A good interviewer is also comfortable with silence and knows when to remain quiet and let the candidate answer. This helps create an environment where the interviewer can learn more about the candidate and allows them to truly express themselves- knowing that this expression will lead to a better understanding of the candidate. A good interviewer should also be organized - they should notes, or use Pillar so that they can note areas of the interview that offer relevant insights that other members may find insightful.

Finally, a good interviewer should be able to make a connection with the interviewee- they should have the ability to make the candidate comfortable and help them open up during the interview process. This is where engaging in small talk or asking questions that are more personal than professional can make all the difference. Interestingly enough, this is also where bias can creep into an interview, so you have to be on guard. If an interviewer finds out that a candidate has a hobby that they find "weird" or a belief that they don't agree with, it's important to remain professional and not allow biases to cloud their judgment.

At the end of the day, the best interviewers are those who come prepared and organized, ask thoughtful questions, listen actively, follow up appropriately, and analyze body language while being fair and unbiased throughout the process.

Job Interview Script Role Play

Interview questions are one of the most important aspects of an interview because these are the mechanism by which you'll express your company's expectations, qualify candidates, and get to know them better. That said, having a good job interview script is essential for any interviewer.

A sample job interview script to role-play should include:

- Introduction: Start by introducing yourself and the company you are hiring for. Explain the role that the candidate will be interviewing for and what they need to be successful in it.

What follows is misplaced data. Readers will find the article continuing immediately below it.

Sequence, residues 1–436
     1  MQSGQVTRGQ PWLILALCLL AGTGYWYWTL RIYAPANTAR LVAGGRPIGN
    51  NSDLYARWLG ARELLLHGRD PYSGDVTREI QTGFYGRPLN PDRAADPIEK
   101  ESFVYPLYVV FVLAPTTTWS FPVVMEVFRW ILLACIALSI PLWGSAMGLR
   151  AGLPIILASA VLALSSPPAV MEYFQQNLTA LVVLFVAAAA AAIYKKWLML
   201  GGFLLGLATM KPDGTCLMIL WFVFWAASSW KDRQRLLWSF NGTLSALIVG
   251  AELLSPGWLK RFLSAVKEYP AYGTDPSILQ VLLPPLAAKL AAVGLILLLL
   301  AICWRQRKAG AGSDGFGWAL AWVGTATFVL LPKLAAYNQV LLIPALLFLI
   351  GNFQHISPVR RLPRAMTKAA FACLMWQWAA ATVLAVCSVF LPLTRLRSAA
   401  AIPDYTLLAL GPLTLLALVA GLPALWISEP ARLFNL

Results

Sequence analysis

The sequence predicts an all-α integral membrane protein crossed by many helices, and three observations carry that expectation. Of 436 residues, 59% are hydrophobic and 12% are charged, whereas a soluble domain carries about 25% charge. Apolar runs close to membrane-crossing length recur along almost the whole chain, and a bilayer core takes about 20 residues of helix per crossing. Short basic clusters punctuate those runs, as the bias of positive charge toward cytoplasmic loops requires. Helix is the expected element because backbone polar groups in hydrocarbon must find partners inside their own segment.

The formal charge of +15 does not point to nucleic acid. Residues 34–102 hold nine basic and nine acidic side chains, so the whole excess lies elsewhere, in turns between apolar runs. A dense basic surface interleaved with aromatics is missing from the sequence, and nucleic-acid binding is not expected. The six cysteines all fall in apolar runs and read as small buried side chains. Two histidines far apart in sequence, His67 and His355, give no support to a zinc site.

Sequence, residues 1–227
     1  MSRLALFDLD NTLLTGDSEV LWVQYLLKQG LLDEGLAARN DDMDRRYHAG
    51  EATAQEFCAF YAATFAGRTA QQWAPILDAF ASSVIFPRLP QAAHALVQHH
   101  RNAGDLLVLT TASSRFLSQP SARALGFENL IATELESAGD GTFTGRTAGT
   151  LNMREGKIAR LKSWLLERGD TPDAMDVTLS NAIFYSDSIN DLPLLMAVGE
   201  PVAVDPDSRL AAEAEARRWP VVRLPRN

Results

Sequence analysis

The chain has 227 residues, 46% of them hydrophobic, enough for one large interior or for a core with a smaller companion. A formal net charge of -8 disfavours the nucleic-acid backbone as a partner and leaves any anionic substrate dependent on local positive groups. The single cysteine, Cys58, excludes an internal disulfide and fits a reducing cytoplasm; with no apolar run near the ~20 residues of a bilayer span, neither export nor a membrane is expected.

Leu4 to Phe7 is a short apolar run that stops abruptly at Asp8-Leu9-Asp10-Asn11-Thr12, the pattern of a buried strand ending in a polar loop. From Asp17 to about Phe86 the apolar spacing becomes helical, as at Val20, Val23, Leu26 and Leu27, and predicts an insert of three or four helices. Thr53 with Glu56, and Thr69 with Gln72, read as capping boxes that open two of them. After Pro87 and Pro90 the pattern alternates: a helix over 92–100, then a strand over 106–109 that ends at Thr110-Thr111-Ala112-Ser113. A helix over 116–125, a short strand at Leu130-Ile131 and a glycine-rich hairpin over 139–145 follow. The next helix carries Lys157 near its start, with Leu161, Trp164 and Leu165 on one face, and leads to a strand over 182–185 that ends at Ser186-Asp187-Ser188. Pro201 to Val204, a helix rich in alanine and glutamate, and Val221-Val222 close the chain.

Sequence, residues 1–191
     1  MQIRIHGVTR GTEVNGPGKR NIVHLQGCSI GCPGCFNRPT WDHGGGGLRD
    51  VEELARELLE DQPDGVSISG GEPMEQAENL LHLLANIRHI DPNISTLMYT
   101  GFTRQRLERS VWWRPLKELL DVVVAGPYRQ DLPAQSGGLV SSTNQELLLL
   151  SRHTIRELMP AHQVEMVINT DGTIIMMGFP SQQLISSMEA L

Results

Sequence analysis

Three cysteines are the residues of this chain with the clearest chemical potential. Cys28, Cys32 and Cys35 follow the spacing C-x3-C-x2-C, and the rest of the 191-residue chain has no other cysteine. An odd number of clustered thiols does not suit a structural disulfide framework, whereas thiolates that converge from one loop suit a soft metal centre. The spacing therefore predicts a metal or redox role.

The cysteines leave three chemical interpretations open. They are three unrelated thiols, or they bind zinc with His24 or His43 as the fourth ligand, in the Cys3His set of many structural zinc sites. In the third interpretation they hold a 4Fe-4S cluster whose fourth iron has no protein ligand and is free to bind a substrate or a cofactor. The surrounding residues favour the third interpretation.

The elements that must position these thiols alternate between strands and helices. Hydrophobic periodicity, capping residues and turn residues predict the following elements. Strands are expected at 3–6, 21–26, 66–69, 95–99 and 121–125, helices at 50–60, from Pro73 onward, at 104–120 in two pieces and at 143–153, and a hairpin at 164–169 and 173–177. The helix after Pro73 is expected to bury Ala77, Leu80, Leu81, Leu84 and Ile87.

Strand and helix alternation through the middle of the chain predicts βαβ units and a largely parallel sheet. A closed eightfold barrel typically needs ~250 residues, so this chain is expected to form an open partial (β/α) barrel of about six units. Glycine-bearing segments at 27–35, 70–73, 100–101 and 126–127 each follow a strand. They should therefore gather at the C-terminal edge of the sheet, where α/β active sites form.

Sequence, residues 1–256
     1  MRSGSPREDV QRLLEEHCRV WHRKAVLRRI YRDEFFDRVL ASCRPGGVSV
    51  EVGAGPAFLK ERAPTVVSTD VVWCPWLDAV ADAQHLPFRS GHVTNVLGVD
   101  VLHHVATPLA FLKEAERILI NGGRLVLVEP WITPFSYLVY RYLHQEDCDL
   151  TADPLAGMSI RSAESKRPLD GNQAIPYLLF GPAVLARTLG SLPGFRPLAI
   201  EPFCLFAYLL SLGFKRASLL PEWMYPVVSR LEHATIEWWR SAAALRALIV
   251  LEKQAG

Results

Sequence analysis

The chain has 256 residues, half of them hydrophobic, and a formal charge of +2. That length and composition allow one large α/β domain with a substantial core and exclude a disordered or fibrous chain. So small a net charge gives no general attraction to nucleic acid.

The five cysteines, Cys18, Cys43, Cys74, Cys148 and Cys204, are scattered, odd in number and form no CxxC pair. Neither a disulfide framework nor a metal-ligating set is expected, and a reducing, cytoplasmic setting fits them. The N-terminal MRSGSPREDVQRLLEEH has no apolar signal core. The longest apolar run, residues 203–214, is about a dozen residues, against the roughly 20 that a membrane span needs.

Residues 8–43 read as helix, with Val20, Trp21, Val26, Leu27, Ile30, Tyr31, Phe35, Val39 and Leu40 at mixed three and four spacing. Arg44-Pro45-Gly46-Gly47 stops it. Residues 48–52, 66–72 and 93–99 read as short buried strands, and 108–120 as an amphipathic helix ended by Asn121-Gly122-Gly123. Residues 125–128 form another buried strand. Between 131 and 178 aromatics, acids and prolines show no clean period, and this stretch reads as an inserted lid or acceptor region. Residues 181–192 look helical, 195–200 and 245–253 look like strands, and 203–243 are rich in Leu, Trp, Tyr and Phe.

- Questions: Next, ask the questions that you've prepared in advance. Make sure they are tailored to the role so that you can get an understanding of how qualified the candidate is and if they'd be the right fit for your company.
- Clarification: As candidates answer each question, it's important to clarify any points that are unclear or need more explanation. This goes along with the principle of actively listening and hearing what a candidate is trying to communicate to you.
- Candidate Questions: Remember this is a two-way conversation - that candidate is interviewing you as much as you're interviewing them. Toward the end of the interview, make sure to give them an opportunity to ask any questions they may have.
- Closing: Once all the questions have been asked and answered, it's time to thank the candidate for their time and explain what the next step in the process is. Be sure to provide them with an estimated timeline so that they don't feel left waiting.
- Following up with candidates post-interview is a must. Include the follow-up steps in your interview script. Not only does it show that your company is professional, organized, and values the candidate's time, but it also helps to make sure you get quality feedback about their experience of the process. It's important to follow up with both successful and unsuccessful candidates.

At the end of the day, having a role-play job interview script ensures that you have everything covered - and more importantly, remain professional. With a good job interview script, you can make sure that your company hires top talent with ease. Creating a job interview script is not only important for making sure you're asking the right questions but also for making sure you're creating a professional environment during the interview.

One question framework that we've seen become very effective is the Star Interviewing Technique. Star stands for Situation, Task, Action, and Result. This is a great way to get specific details from the candidate about their past experiences and how they reacted in certain situations.

No matter what method you use, having a job interview script will help ensure that you are well-prepared when it comes time to interview potential candidates. It not only helps keep the process organized but also ensures that you're getting all the information needed to make an informed decision about who to hire. As always, Pillar is here to help - our video interviewing platform offers many convenient features to help you transform your interview process. Book your demo to see how today!